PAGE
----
I’ve had in my mind that over the next year or so I will do 12 or more creative video/music types. And here is one that I completed recently.
Well, it’s never really completed, but it’s enough for now. I got tired of working on it. Because I had some problem with the clipping and then I would lower it and it was fine in the software (old Garageband) and then export it and then it was distorted and I went round and round with that.
And just decided it’s good enough for now considering my computer and software is like 11 years old.
Maybe be too many tracks for Garageband.
But anyways here is the slow version.
I started off with a song that was one of my favorites from when I was around 12-13 and then took a bit out of it. I changed the speed and then created a new loop and added some samples from elsewhere.
Then the video I had lying around for a long time which seemed kind of fitting and a few pics of old paintings I did. I actually have a bunch of video, kinda creative stuff lying around that I plan on using in the future.
Here’s a video I made that combines a little of the street performing I do and some of my dj scratching.
The secret sauce is a sort of joke I made that was inspired from a kung fu teacher I had in Taiwan who used to break bricks with his hands.
It was tricky matching the video to the sound. It has quite a few layers to it with the music, the scratching and the video and getting it all to sink together was a challenge.
Hip Hop music was invented by DJ’s. DJ’s that changed DJ’ing forever. These DJ’s did not use the turntable like it was supposed to be used. They pushed the limits and invented a new form of music and a new way of using the turntable.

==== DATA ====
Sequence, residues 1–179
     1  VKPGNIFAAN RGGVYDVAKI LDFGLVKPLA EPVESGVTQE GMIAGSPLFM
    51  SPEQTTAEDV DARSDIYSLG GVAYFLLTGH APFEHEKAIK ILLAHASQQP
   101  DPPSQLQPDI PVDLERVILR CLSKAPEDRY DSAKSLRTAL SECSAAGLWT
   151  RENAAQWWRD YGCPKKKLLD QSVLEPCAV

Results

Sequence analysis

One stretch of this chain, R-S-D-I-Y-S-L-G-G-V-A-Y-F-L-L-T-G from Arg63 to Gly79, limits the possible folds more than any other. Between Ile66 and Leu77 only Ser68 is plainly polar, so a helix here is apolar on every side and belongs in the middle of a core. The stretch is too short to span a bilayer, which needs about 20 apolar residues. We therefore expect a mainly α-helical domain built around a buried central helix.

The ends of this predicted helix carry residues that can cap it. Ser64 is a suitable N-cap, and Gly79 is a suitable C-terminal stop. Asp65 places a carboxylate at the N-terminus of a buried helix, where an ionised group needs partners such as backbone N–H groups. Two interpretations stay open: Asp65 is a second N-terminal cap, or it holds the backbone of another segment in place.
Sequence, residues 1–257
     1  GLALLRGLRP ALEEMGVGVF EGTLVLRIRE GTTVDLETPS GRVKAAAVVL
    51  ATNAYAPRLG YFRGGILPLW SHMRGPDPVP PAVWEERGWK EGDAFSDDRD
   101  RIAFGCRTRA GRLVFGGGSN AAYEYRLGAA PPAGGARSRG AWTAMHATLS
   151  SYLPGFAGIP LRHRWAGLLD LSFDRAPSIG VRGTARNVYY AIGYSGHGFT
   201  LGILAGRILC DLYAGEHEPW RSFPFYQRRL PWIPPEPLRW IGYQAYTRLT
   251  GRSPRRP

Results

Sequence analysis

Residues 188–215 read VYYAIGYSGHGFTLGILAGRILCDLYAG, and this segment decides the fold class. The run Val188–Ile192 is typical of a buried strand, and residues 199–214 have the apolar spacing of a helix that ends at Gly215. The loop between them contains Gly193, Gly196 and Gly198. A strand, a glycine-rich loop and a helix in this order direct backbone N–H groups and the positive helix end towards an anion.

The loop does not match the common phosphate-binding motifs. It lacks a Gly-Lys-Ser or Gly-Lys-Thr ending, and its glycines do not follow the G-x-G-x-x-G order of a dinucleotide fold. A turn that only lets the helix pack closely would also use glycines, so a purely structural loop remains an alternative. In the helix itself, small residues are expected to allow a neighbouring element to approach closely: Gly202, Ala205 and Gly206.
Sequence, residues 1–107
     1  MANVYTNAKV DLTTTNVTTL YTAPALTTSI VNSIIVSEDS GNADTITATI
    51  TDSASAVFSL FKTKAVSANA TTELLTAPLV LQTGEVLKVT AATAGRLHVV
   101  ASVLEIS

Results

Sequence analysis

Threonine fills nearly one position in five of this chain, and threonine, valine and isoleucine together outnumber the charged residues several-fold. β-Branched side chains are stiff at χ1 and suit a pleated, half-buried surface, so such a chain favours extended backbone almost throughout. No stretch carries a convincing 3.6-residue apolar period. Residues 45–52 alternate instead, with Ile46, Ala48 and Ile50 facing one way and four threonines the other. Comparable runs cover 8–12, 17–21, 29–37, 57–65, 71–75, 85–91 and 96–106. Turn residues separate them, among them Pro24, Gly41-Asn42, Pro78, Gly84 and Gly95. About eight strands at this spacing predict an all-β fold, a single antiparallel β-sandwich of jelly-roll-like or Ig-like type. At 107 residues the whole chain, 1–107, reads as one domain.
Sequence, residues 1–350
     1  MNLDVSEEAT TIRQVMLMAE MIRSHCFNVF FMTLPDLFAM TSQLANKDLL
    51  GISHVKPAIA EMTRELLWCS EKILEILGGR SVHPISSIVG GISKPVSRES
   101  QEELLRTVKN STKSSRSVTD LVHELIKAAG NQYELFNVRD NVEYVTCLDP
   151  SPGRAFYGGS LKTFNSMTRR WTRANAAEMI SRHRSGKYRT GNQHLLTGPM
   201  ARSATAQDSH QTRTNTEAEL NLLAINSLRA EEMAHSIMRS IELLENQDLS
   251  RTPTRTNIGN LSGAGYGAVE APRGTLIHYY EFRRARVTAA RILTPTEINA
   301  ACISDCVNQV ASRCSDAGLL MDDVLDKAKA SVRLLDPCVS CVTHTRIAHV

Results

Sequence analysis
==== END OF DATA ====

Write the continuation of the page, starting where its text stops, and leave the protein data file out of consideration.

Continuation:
Hip Hop music was invented by DJ’s such as Kool Herc and Grandmaster Flash. These DJ’s would take breaks – drum and other parts of a record and play them back. They would get double copies of a record and “juggle” the break. They would take that small bit of the record rewind it and play it forming a continuous repetitive beat. This repetitive beat evolved into Hip Hop music. They transformed the music and made a new one.
They used records and turntables just like your grandparents told you not to. Many years later Hip Hop DJ’s are still doing this, but on a whole new level. See Mix Master Mike here scratching, juggling and using the turntable like an instrument.
Here’s a bedroom mix of me scratching to Pete Rock. That song is from “The Surviving Elements” by Pete Rock. Pete Rock is one of my favorite Hip Hop producers. I saw him DJ live in Shanghai, China. Anyways it’s about 3 minutes of DJ scratching.